The Pine Barrens

by John McPhee

Paperback, 1968




New York, Farrar, Straus & Giroux [1968]

User reviews

LibraryThing member laytonwoman3rd
A fascinating, if dated, look at the history and ecology of the natural wonder that is the Pine Barrens of Southern New Jersey. When this book was originally published in 1967, the Barrens were threatened by encroaching development, urban sprawl and by plans for a massive jetport which was envisioned to ease the congestion of the Philadelphia and New York airports. McPhee held out little hope for the long-term survival of this wilderness, which was home to diverse plant and animal life, some of it unique to that ecosystem (like the pygmy pine forests in which the trees grow no taller than 4 feet), and under which is an acquifer containing 17 trillion gallons of the purest water to be found in the U.S. His book, although reprinted quite recently, does not contain updated information on the creation of the Pinelands National Reserve (1978) or the International Biosphere Reserve (1988), whereby development has been curtailed and strictly controlled. Still, the natural history in The Pine Barrens is absorbing, and the writing is somewhat reminiscent of Annie Dillard's Pilgrim at Tinker's Creek. 4 stars. Could have had 5 if it had been brought up to date with an afterword or some such… (more)
LibraryThing member TheoClarke
Topographical writing at its very best: McPhee transports his reader to the landscape of the New Jersey Pine Barrens and the culture of the people who lived and worked in this sparsely populated region on the fringes of one of the most populous areas of teh world.
LibraryThing member cblaker
Excellent literary journalism. Fairly short, this content originally appeared in the New Yorker. The book tells the story of an obscure region of New Jersey called the Pine Barrens. In the most densely populated state, this wilderness is relatively empty of people and is almost entirely undeveloped (the book was written in 1967 and i do not know what it is like now). The story moves along at a gradual pace, but is never boring. The wrap-up is excellent. It's amazing that so near the Eastern Seaboard megapolis (New York, Philly, Boston, DC, etc) is this sparsely inhabited region of self-sufficient individualists who live off the land for the most part. I would highly recommend this book.… (more)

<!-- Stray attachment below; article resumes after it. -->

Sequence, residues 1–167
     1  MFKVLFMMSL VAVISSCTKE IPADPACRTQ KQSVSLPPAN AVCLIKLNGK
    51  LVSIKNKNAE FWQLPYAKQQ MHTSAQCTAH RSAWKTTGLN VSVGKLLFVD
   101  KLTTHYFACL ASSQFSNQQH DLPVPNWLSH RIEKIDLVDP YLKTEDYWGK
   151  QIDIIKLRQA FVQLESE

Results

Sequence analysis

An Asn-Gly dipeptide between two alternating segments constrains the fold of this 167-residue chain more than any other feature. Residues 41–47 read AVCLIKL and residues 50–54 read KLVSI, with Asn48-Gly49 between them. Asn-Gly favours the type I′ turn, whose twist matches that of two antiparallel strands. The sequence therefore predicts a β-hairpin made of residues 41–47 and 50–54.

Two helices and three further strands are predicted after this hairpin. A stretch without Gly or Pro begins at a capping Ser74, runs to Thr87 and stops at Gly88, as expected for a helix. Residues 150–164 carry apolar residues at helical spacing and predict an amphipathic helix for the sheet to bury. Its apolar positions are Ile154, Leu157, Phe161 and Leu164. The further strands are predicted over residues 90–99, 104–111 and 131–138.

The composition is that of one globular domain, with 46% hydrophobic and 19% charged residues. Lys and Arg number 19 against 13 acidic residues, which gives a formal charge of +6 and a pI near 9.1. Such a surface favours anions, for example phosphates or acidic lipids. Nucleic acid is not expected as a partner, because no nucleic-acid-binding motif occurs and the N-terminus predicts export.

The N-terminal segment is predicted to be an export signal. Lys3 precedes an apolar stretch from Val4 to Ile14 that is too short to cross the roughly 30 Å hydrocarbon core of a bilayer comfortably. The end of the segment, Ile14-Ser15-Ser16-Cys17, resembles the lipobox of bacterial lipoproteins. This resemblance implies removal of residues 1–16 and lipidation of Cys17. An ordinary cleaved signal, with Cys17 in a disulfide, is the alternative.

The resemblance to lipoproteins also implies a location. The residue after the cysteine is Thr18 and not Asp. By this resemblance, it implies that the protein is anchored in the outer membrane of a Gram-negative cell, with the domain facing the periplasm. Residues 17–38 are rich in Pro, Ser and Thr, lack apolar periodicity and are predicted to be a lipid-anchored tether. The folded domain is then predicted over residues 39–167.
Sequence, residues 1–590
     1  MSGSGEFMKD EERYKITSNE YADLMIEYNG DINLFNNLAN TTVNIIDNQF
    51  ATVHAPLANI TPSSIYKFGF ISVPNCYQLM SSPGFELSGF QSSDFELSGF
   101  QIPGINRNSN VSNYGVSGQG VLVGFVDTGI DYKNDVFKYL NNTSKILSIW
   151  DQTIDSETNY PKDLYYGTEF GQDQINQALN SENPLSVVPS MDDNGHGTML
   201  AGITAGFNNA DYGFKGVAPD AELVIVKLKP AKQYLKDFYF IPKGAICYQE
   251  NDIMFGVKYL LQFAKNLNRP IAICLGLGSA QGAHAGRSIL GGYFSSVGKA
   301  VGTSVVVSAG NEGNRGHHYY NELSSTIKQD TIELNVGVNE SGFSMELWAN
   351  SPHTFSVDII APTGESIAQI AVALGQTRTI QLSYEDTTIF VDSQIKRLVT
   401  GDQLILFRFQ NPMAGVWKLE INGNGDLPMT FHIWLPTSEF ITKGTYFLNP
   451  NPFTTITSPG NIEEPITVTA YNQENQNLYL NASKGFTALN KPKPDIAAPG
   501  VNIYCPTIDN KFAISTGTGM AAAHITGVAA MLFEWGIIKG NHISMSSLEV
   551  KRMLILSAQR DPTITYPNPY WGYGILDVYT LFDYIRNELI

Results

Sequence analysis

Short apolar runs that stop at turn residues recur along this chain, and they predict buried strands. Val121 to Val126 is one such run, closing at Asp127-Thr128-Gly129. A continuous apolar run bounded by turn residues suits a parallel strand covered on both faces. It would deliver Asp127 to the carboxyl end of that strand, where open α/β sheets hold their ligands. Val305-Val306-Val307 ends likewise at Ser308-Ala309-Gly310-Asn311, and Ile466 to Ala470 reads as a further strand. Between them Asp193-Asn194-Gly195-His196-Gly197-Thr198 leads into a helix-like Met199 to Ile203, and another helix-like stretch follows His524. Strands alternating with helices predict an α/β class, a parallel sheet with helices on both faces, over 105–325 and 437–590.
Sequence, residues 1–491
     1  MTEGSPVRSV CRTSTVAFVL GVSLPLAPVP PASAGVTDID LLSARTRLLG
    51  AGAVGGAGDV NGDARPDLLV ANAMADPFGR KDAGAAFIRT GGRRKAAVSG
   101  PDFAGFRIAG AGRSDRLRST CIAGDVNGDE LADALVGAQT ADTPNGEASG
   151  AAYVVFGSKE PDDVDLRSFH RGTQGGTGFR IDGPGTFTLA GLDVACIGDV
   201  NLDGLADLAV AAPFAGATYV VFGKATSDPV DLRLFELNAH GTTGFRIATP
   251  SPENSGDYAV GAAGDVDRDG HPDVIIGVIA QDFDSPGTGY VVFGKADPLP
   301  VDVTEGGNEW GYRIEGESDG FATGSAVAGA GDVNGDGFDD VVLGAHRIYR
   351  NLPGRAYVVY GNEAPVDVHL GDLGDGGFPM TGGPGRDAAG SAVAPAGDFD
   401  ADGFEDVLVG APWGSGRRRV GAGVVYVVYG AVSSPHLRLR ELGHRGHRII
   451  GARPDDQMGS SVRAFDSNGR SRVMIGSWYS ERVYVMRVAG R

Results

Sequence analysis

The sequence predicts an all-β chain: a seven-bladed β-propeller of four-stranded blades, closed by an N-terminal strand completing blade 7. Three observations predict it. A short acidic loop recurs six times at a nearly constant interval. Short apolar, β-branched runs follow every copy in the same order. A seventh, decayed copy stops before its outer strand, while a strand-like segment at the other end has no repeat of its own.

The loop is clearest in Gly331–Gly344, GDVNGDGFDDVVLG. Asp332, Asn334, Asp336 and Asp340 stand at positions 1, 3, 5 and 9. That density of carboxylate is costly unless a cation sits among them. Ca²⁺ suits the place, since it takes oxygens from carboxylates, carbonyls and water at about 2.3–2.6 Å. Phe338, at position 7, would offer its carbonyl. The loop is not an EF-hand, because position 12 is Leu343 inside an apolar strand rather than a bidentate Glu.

LibraryThing member hashiru
I grew up in New Jersey and we often drove through the "Jersey Pines" on the way to the shore for a day at the ocean beaches. However, I never heard the term "Pine Barrens" until I encountered this gem of a book.

Among other topics, McPhee details the industry which utilized "bog iron" to provide military equipment such as cannons and cannonballs during the American Revolution and the War of 1812. He tells us of the origins of the New Jersey Devil, sort of an East coast version of Sasquatch in spirit if not in detail.… (more)
LibraryThing member barringer
This is the portrait of a time and a culture that is now gone. The trees are still here, as are the bogs and ponds, but the life of the region has changed completely since McPhee wrote this book in 1968.
LibraryThing member Stembie3
This is a perfect read for learning more about New Jersey's backwoods areas. John McPhee's writing talents shine through as he introduces the eclectic characters who live in the Pine Barrens.
LibraryThing member amerynth
I've been slowly working my through John McPhee's books ever since reading his wonderful book "Oranges" many, many years ago. I still tell people stuff I learned about citrus fruit since reading that book more than a decade ago, now I can further annoy people with facts about a New Jersey region I'd never heard of before.

In "The Pine Barrens," McPhee travels around the woodsy area of New Jersey, which apparently has a sort of backwoods reputation, and tells the stories of the interesting characters he runs into, as well as the region's history.

The book is very readable and very entertaining -- very glad I picked this one up.
… (more)
LibraryThing member Sandydog1
Short, idyllic and most certainly out-of-date description of the history, peoples, ecology and future of this fascinating, massive, south central New Jersey ecosystem.

McPhee leaves a reader with an urge to review the post-1967 development status of this amazing area.



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